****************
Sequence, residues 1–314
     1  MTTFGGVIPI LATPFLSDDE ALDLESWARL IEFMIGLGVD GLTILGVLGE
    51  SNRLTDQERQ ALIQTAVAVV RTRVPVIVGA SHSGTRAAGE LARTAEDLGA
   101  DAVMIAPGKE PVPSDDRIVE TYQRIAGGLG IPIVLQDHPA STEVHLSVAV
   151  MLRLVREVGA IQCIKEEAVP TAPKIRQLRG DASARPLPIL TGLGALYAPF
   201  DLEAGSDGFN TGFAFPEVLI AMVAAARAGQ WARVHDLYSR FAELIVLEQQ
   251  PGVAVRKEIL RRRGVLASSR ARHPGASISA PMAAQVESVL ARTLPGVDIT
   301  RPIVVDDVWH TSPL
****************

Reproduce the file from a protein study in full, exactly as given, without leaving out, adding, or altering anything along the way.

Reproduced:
Sequence, residues 1–314
     1  MTTFGGVIPI LATPFLSDDE ALDLESWARL IEFMIGLGVD GLTILGVLGE
    51  SNRLTDQERQ ALIQTAVAVV RTRVPVIVGA SHSGTRAAGE LARTAEDLGA
   101  DAVMIAPGKE PVPSDDRIVE TYQRIAGGLG IPIVLQDHPA STEVHLSVAV
   151  MLRLVREVGA IQCIKEEAVP TAPKIRQLRG DASARPLPIL TGLGALYAPF
   201  DLEAGSDGFN TGFAFPEVLI AMVAAARAGQ WARVHDLYSR FAELIVLEQQ
   251  PGVAVRKEIL RRRGVLASSR ARHPGASISA PMAAQVESVL ARTLPGVDIT
   301  RPIVVDDVWH TSPL